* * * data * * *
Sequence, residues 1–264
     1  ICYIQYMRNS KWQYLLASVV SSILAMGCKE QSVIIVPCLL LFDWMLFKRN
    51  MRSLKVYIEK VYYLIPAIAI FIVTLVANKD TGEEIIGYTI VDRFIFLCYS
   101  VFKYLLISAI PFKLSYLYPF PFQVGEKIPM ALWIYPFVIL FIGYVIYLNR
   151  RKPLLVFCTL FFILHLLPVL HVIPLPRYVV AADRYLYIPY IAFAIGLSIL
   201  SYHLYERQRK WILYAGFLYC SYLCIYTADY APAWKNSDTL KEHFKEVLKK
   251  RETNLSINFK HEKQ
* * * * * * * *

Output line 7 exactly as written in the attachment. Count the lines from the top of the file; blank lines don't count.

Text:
   251  RETNLSINFK HEKQ